By Mandy Oaklander
August 23, 2016

Antibiotics are powerful medicines that destroy bacteria, and they’re lifesavers when an infection caused by dangerous microbes needs to be overtaken. But in the U.S., about half of all prescriptions written for antibiotics are inappropriate. The drugs aren’t just overprescribed in adults; one study found that antibiotics are prescribed to kids about twice as often as they should be.

To treat problems from sore throats to acne, doctors expose kids early and often — and scientists have been finding links between antibiotic use and rising chronic illnesses. A new study in mice published in the journal Nature Microbiology finds a link between Type 1 diabetes and antibiotic use.

Type 1 diabetes, an autoimmune disease diagnosed mostly in childhood, has a genetic influence, but it has risen rapidly since World War II and is affecting increasingly younger children. “That means there’s some strong environmental aspect,” says study author Dr. Martin Blaser, professor of microbiology and director of the Human Microbiome Program at New York University Langone Medical Center.

Blaser has a hunch that the widespread use of antibiotics is driving this increase. In the new study, Blaser and his team took a group of diabetic mice and gave them one of two doses of antibiotics: either a very low dose, which mimicked the amount given to livestock on farms, or a higher dose, the same amount kids typically get to treat their ear or throat infections.

The researchers found that in male mice, the higher antibiotic exposure early in life “accelerated the diabetes and even enhanced it,” Blaser says. About twice as many mice came down with diabetes than in the control group. They didn’t see this effect with the lower dose of antibiotics.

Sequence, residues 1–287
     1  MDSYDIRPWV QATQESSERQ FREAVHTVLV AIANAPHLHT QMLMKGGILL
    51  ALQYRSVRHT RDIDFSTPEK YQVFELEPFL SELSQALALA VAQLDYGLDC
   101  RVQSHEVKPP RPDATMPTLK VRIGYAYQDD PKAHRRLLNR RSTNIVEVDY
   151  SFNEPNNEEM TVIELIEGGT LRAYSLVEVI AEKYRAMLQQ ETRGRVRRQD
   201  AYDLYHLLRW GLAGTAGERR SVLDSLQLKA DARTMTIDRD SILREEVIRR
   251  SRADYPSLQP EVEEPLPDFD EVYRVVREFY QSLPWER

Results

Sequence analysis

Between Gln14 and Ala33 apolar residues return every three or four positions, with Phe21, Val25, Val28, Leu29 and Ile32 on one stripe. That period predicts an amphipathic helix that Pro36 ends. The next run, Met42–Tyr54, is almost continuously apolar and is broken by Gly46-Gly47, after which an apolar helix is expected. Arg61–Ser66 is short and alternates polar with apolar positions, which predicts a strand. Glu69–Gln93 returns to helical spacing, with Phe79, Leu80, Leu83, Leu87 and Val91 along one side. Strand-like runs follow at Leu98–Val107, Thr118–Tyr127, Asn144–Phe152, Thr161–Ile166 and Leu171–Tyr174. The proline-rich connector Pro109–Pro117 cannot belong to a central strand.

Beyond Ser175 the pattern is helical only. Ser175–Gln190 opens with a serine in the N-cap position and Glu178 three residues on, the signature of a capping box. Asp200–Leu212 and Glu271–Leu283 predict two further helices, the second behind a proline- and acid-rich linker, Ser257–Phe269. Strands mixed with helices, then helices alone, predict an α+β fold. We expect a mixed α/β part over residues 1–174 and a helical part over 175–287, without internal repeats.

Blaser believes that antibiotics, which wipe out bacteria, are shifting the makeup of the microbiome, a creature’s collection of bacteria in the gut involved in metabolism and immunity. Those changes then affect metabolism to make the mice, or person, more susceptible to diseases like diabetes, Blaser thinks.

Just as the researchers suspected, the antibiotics did change the composition of the microbiome in the mice and the census of bugs living there. They also changed gene expression in the mice’s intestine, “the place where the microbiome meets the body,” Blaser says.

The researchers also saw negative shifts in metabolism — particularly in all the genes involved in cholesterol metabolism. “We found that cholesterol metabolism in the intestinal wall was very deranged,” Blaser says. “This was a big surprise to us, and we hope to test it further.”

This isn’t the first time researchers have linked antibiotics to poor health consequences. “There’s evidence from epidemiological studies that early life exposure to antibiotics increases risk of inflammatory bowel disease, celiac disease, allergies and asthma,” Blaser says. Another study last year looked at people over time and found that those who developed Type 2 diabetes had taken significantly more antibiotics in their lives than people without the disease. “All of these are pointing to the idea that antibiotics, probably through their actions of perturbing the microbiome, are changing human metabolism and human immunity,” Blaser says.

As for the female mice in the study, the researchers saw mixed effects. More research is needed; mice aren’t the same as humans, so the results can’t be extrapolated beyond them. “We’re studying mice, not children,” Blaser says. “But still we can learn things from studying mice that help inform future trials in children.”

The results suggest to Blaser that doctors should think carefully about whether their young patient really needs a course of antibiotics. “I think we need more careful exams by doctors, and for both doctors and parents to understand that antibiotics aren’t free,” Blaser says. “They carry not only the risk of resistance, which is a cost to the whole community, but possibly health risks to their child.”

Write to Mandy Oaklander at mandy.oaklander@time.com.

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